Abortion remains a top priority at the Capitol
BY World's Editorials Writers
Friday, February 15, 2013
2/15/13 at 7:00 AM
Not surprisingly, lawmakers are advancing more abortion-related legislation this session. A committee has approved two new measures, one making it harder for minors to get an abortion without parental consent, and another adding even more questions to the state's already onerous abortion reporting form.
If only our lawmakers would pursue other goals as zealously as they do the abortion issue, what an outstanding and enviable place this could be. But no, they'd rather allow needs such as education, health care and public safety to languish, because somewhere there might be a desperate teenager impregnated by her father who must be forced to continue her pregnancy.
One of the bills approved by the committee, House Bill 1588, would do away with the "judicial bypass" provision in state law that allows teens to ask a judge, rather than a parent, for approval to get an abortion.
The whole point of judicial bypass, the sole reason it became law across the country, was to allow teens who might have been the victims of sexual abuse to avoid having to ask her abuser for permission to obtain the procedure
But lawmakers endorsing the measure think they know better than a judge whether these young women should be allowed to terminate their pregnancies. Rep. Mike Ritze, for example, pointed out that only nine judicial petitions out of 3,573 filed over a four-and-a-half year period in Minnesota were denied, so he assumes there must be abuse of the system. And how would he know that?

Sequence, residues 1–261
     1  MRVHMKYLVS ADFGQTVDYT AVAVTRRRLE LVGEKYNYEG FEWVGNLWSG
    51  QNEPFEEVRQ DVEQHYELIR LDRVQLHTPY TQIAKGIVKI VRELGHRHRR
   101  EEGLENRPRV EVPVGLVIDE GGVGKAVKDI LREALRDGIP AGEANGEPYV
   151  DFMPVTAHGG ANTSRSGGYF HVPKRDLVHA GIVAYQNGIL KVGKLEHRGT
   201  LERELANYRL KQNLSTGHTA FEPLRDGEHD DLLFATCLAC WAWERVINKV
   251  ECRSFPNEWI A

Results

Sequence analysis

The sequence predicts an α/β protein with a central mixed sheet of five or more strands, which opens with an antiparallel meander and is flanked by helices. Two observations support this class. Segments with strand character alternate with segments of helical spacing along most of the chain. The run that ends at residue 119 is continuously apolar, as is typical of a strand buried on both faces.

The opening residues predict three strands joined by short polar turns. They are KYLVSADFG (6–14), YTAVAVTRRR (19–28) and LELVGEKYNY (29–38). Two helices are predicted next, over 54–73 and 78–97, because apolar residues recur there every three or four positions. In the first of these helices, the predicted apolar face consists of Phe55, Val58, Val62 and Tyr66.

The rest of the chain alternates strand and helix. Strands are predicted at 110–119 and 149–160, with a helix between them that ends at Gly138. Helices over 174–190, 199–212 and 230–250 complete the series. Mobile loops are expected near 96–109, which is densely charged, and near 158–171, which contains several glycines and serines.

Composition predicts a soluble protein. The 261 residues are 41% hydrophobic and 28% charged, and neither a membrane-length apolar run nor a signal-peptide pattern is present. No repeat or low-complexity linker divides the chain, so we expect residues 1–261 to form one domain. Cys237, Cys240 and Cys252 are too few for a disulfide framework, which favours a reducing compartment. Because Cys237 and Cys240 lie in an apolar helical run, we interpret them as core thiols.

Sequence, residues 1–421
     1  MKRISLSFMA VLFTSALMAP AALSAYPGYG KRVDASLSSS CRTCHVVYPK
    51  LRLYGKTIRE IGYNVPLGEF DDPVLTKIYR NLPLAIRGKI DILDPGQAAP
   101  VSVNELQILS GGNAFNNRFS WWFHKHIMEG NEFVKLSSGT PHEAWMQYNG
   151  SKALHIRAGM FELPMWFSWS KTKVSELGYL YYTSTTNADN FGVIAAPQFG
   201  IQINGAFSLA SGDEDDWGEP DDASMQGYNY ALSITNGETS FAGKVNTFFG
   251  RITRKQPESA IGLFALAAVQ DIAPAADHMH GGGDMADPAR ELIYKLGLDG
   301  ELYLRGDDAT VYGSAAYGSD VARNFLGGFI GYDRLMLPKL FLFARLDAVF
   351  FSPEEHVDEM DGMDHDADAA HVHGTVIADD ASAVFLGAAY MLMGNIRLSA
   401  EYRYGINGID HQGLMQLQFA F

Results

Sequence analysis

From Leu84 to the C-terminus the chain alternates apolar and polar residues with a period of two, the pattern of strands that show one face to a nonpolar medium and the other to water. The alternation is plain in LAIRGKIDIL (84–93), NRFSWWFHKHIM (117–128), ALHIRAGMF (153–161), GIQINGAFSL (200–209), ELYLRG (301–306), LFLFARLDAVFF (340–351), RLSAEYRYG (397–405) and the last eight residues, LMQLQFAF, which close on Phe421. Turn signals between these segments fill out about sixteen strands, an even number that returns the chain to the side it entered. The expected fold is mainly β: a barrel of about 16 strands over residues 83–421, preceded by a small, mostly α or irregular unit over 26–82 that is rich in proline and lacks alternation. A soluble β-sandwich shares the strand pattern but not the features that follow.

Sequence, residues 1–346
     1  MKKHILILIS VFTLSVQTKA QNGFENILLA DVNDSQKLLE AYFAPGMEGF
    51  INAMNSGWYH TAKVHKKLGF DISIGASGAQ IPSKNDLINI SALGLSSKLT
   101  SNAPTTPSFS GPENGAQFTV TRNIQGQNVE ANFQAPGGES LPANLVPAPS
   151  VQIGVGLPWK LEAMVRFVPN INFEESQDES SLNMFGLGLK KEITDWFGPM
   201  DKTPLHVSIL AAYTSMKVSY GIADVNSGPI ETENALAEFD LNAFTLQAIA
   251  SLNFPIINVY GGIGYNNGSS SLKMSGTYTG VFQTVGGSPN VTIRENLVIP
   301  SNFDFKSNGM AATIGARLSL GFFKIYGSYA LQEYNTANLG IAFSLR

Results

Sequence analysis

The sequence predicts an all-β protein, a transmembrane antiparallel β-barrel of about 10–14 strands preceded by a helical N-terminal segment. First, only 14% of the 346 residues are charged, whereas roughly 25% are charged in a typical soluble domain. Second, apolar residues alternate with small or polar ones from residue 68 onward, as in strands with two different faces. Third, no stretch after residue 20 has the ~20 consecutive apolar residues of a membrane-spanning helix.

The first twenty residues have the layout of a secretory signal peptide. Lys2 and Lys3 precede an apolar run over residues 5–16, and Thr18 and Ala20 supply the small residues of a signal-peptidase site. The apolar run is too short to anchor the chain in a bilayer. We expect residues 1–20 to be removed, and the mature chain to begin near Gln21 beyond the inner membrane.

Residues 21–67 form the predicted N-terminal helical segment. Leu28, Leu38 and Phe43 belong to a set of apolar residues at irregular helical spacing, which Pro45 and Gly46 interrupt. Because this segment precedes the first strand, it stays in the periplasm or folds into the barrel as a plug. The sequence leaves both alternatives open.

Also approved was HB 2015, which would add more questions to the Individual Abortion Form that must be filled out to obtain an abortion. This form already was so intrusive it's hard to imagine what questions might have been left out two years ago when the reporting law was first passed.
The idea of the reporting law (supposedly) was to identify reasons for abortions with the aim of addressing the underlying factors. So why not wait to see if the reporting law is achieving this goal before modifying it?
The answer is lawmakers are only interested in the politics of abortion, not reasonable measures to reduce it. We'd hope that some day, they'll exhaust the possibilities for abortion-related legislation, but that doesn't seem likely in this state.
Original Print Headline: More of same